UK Prime Minister Boris Johnson and Minister of State David Frost in `0 Downing Street, London, December 30, 2020 (Leon Neal/AFP/Getty)
In September 2020, Northern Ireland Secretary Brandon Lewis told the House of Commons that the Johnson Government was ready to break international law and the impending Brexit Agreement with the European Commission, withdrawing the protocol over Northern Ireland and the Irish Republic.
One year and five days later, Brexit Minister David Frost told the House of Lords that the Government is prepared to suspend the protocol.
Lewis’s threat was quickly rebuffed. Frost’s will be as well.
Prime Minister Boris Johnson’s bluster, falsehoods, and bluffs have been called. He and his Ministers have no more chips. The customs line down the Irish Sea remains, even as the Government has still not made any provision for regulation of a border within the United Kingdom.
The Kid Shouting in the Playground
Shaking his finger in the House of Lords, Frost struck the pose of the kid in the playground shouting, “I’m gonna get you.” He set out “tests” that would enable the UK to trigger Article 16 of the Protocol, permitting suspension if there is a significant impact on everyday life.
I urge the EU to take this seriously. They would be making a significant mistake if they thought that we were not ready to use Article 16 safeguards, if that is our only choice to deal with the situation in front of us. If we are to avoid Article 16, there must be a real negotiation between us and the EU.
But of course there has been a “real negotiation” for years. That is why there is a Northern Ireland Protocol in the Brexit Agreement, despite Johnson’s lie in the 2019 General Election campaign that the customs line did not exist.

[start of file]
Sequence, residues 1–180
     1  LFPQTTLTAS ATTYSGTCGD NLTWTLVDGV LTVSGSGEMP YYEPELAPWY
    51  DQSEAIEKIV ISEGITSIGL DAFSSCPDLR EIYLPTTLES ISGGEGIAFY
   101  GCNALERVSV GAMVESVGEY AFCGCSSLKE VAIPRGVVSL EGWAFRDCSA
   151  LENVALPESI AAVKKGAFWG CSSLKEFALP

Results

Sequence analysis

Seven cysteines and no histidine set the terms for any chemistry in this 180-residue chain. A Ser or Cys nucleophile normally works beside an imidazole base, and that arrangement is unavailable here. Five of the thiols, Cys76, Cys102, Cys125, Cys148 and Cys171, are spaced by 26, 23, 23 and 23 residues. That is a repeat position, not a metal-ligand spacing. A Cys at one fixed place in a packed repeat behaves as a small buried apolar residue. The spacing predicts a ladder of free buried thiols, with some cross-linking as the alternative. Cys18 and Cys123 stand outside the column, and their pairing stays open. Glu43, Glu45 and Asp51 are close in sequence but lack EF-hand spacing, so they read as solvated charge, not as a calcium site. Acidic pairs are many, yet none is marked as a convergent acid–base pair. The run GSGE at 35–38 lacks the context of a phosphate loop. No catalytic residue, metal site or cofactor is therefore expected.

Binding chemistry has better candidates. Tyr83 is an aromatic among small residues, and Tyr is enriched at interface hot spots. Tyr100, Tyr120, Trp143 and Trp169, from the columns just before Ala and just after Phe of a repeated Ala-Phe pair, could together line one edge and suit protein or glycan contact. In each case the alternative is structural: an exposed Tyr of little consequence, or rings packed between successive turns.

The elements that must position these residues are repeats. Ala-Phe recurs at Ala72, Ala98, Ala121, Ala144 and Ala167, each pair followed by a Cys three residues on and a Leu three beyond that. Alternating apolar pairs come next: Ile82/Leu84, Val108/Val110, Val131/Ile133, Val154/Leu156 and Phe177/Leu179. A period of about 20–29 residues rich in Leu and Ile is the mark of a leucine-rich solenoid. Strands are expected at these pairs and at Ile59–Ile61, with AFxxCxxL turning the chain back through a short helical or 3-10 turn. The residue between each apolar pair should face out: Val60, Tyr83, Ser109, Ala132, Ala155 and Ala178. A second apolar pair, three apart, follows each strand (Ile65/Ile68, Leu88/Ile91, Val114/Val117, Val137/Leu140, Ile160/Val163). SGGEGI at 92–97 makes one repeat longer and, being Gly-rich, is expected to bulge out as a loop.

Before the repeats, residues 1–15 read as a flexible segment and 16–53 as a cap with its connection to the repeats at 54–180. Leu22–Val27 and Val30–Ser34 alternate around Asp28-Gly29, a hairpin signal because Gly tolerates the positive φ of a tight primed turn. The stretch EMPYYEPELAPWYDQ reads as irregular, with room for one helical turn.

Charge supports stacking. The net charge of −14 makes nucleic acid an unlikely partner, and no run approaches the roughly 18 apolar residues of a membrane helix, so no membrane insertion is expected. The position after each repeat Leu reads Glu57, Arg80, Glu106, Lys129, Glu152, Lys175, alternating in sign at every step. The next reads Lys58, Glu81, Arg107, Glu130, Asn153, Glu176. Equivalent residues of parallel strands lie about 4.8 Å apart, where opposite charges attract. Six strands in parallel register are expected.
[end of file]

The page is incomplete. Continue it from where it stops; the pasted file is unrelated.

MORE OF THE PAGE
And there has been a “real negotiation” over implementation of the Protocol, with working arrangements for customs, health, and safety checks between Northern Ireland the rest of the UK.
The issue is that the Johnson Government doesn’t want those arrangements. It stalled on putting the infrastructure in place. It fed tabloid headlines of “sausage wars”, effectively an admission that meat had to be subject to the checks it was denying. The EU accommodated the negligence and the bluster by accepting grace periods through 2021, but now the final date is September 30 — and the UK still isn’t ready.
So Frost, who replaced Michael Gove in March, once more struck his tough guy pose.
Except this time the EU didn’t even glance at him. Two days later European Commission President Ursula von der Leyen’s State of the Union speech did not mention Brexit a single time.
The silence was loudly clear. In public the EU tells London, “We’ve moved on.” In private, it is pursuing the ground-level diplomacy and planning that the Johnson Government has set aside.
Last week Commission Vice President Maroš Šefčovič had a chat with Irish Taoiseach Micheál Martin: “Ireland can count on European Union solidarity.”